Book review: The Sea Sisters


Often I find my everyday life affected by the books I am reading – caught up in other emotions, imagining what the characters are doing between the pages. This time, it was the other way around. My current life seemed to make the book more poignant, more intense, and nearly had me crying on the train. In a much happier way to Lucy Clarke’s The Sea Sisters, my own big sister leaves on Monday for 18 months of round the world travelling with her husband. As the weeks have led up to their departure, I’ve been torn between excitement for them, and sadness that we’ll miss such a huge chunk of each other’s lives. Having gained a full time job so quickly after graduation, I didn’t get the sister-filled summer I’d been hoping for. But I know that when they get back we’ll be closer than ever, with so much more big life to plan together…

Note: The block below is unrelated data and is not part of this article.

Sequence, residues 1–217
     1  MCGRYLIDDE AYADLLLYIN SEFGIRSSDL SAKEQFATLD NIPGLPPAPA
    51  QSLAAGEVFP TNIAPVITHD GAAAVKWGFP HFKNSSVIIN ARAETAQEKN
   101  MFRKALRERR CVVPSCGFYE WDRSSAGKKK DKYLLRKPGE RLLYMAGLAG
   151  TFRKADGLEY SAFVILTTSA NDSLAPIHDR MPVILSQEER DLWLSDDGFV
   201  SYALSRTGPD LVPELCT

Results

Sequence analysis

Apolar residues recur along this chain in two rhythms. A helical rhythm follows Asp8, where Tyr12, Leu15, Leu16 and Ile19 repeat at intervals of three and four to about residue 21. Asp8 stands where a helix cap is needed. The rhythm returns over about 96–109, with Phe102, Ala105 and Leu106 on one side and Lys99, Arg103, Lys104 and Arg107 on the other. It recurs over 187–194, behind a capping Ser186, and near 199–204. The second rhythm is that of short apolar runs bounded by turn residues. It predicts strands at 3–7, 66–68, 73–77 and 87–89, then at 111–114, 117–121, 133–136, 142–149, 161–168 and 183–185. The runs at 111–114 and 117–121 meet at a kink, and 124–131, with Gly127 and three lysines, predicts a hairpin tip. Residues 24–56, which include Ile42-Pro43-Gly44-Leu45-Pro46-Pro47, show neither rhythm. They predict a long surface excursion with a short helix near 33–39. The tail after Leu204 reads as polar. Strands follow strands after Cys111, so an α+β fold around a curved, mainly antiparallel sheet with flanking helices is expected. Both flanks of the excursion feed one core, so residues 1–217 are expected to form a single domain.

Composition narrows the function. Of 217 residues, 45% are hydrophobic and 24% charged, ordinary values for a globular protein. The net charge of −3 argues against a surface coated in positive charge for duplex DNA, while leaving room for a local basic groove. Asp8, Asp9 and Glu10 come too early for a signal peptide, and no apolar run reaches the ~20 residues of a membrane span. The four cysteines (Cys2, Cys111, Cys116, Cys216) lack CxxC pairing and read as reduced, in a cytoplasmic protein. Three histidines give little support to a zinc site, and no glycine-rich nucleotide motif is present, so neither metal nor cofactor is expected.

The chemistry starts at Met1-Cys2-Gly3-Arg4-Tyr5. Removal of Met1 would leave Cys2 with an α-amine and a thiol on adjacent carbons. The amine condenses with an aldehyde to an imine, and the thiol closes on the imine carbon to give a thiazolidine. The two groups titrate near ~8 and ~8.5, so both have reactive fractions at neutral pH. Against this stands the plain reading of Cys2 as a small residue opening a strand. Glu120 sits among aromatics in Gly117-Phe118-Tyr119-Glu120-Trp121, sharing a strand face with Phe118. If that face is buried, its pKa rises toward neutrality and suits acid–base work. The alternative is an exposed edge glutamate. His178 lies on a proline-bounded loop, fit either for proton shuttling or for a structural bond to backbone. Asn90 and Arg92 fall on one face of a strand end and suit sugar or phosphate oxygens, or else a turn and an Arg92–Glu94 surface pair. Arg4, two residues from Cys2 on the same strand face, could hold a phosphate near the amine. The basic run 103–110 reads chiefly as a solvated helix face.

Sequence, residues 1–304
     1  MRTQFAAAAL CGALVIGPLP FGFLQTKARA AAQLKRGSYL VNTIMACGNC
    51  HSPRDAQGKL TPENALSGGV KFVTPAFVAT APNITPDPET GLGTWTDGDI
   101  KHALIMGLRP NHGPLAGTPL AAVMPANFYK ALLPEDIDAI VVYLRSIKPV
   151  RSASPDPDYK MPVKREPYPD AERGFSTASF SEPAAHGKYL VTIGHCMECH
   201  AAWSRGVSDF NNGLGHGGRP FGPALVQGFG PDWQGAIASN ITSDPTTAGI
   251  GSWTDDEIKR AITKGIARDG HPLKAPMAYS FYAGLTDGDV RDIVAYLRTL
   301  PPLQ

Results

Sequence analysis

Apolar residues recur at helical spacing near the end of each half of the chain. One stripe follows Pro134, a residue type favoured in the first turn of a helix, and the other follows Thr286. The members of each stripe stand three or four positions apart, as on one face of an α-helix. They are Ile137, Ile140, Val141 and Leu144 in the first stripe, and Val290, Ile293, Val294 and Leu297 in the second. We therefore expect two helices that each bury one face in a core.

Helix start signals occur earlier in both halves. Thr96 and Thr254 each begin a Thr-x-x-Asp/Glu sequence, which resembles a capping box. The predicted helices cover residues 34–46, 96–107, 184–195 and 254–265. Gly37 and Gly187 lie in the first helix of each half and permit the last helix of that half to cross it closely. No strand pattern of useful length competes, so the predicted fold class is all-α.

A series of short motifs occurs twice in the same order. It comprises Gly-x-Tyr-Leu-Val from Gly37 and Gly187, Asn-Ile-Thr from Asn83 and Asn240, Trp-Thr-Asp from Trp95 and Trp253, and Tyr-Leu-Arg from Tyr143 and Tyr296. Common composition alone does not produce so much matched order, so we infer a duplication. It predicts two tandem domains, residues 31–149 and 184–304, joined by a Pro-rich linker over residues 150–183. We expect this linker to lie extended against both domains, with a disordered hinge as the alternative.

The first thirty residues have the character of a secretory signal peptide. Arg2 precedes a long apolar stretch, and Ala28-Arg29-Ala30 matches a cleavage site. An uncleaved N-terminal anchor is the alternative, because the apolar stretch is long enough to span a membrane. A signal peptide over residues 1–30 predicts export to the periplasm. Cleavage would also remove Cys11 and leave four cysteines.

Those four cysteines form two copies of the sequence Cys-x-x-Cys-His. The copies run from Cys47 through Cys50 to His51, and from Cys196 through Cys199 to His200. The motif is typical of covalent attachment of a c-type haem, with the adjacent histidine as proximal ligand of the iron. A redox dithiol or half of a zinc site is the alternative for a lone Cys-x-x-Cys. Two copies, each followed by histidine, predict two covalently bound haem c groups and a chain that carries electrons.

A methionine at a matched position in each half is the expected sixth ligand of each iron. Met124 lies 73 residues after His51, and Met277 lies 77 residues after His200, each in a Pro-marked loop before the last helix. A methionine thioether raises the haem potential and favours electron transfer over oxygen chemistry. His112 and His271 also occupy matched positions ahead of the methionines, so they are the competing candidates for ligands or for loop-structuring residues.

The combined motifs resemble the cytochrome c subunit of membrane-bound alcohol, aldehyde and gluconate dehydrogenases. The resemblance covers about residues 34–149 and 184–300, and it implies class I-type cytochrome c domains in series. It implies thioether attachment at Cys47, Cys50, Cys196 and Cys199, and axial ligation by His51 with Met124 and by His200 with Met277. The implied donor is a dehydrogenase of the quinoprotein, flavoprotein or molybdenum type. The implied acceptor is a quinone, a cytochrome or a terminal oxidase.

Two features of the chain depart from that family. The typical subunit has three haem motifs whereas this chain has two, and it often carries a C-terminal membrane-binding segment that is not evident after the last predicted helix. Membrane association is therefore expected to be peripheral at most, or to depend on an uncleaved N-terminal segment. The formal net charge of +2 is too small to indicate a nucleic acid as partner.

The Sea Sisters is really two stories intertwined – 24year old Mia sets off on her own spontaneous, self-finding travels, and her big sister Katie follows her path with the aid of a journal 18 months later. The way the narratives mirror each other isn’t repetitive, but lets us into the intimate details of sisterhood, the darkness of grief, and the wild anticipation of searching the world for a place to belong. The kind of books that tackle difficult subjects and complicated relationships always have the potential to be overly sweet, a bit too fluffy, or in your face. Clarke manages to capture the essence of sibling rivalry and love, the never-ending frustration with one another, and the devastation of tragedy without belittling or over-dramatising the events. Instead, we get a human story of two people who barely know each other, yet have spent their lives together, and over the course of months, tears, and diary pages Katie learns so much more than she ever thought she could. I found myself flitting between the words on the page and my own fears, laughs, and quirks I share with my own sister – the power to make readers relate is something every author longs to achieve, and Clarke has done so with delicacy and art.